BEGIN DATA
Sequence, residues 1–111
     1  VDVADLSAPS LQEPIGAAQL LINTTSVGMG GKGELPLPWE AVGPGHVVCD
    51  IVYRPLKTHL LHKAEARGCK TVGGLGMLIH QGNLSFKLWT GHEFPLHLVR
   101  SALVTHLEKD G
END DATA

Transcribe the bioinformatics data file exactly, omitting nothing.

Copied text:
Sequence, residues 1–111
     1  VDVADLSAPS LQEPIGAAQL LINTTSVGMG GKGELPLPWE AVGPGHVVCD
    51  IVYRPLKTHL LHKAEARGCK TVGGLGMLIH QGNLSFKLWT GHEFPLHLVR
   101  SALVTHLEKD G